This year, Governor Tom Wolf signed a bill into law that makes the penalties for driving under the influence in Pennsylvania significantly more severe. The law will go into effect in August 2017.
According to Title 75 of the Vehicle Code, all Pennsylvania residents who are pulled over while driving under the influence will be required to install ignition interlock devices in their vehicles if their blood alcohol concentration is .10 or greater. Prior to the passage of this law, ignition interlock devices were only required for those who were repeatedly convicted of driving under the influence of drugs or alcohol and first time offenders usually only received a short license suspension.
Ignition Interlock Devices
These devices measure the amount of alcohol on a driver’s breath. If an unacceptable blood alcohol content is detected the car will not start. Under Pennsylvania law, individuals who refuse to submit to chemical testing when detained for driving under the influence will also be issued an ignition interlock limited license.
If an individual is convicted of committing another offense involving driving under the influence while an ignition interlock device is installed in his or her vehicle, law enforcement officers may take one of a number of different actions, including:
- Extending the term of the ignition interlock limited license for up to the original term for which the license was suspended; or
- Recalling the limited license and requiring the driver to surrender his or her driver’s license.
There is, however, an employment exception for those who are required in the course and scope of their employment to be in actual physical control of a car supplied by their employer. In these situations, the individual is allowed to drive the car without installing an ignition interlock system if the following requirements are met:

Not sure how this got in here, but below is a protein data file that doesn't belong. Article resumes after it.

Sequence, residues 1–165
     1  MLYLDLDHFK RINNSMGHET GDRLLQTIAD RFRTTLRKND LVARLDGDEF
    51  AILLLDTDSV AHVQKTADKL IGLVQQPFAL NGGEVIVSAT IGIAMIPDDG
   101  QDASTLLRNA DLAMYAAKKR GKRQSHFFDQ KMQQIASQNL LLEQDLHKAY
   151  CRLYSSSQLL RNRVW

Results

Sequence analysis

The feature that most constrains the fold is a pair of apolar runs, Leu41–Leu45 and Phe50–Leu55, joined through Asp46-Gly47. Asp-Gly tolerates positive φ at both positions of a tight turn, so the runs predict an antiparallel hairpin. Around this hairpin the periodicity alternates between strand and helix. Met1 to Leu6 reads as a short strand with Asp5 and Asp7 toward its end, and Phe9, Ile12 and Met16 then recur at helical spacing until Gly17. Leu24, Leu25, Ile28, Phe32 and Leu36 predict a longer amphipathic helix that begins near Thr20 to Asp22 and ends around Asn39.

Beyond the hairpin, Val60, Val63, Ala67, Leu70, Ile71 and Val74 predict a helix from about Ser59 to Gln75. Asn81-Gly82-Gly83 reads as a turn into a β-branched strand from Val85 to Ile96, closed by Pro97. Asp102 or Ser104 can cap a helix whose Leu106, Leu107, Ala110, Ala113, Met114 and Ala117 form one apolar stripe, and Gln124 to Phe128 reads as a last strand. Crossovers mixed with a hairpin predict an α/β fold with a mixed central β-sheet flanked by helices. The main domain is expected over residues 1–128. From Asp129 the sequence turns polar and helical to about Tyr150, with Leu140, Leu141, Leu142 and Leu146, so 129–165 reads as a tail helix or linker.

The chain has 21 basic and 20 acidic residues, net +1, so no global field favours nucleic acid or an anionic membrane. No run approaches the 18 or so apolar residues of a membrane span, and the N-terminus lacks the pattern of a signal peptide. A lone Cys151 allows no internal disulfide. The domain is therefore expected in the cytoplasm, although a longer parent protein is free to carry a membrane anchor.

- The employer has been notified that the employee is restricted; and
- The driver has proof, in his or her possession, that the employer was notified of the restrictions.
Proof that an employer has been notified of a driver’s restriction can be established only by the employer’s notarized signature on a specific form, which must also include the employer’s contact telephone number. Even a driver who must operate a car for his or her job may still not qualify for this exception if:
- An employer-owned car is made available for the employee’s personal use; or
- The car is owned by an entity which is partly or wholly owned by the driver; or
- The vehicle is a school bus, a school vehicle, or a car designed to transport more than 15 people, including the driver.
Contact a Dedicated Philadelphia DUI Lawyer Today
If you or a loved one live in Pennsylvania and were recently charged with driving under the influence, please contact van der Veen, Hartshorn and Levin by calling (215) 977-4627 and a member of our legal team will help you schedule a free consultation with an experienced DUI lawyer who can help explain your legal options.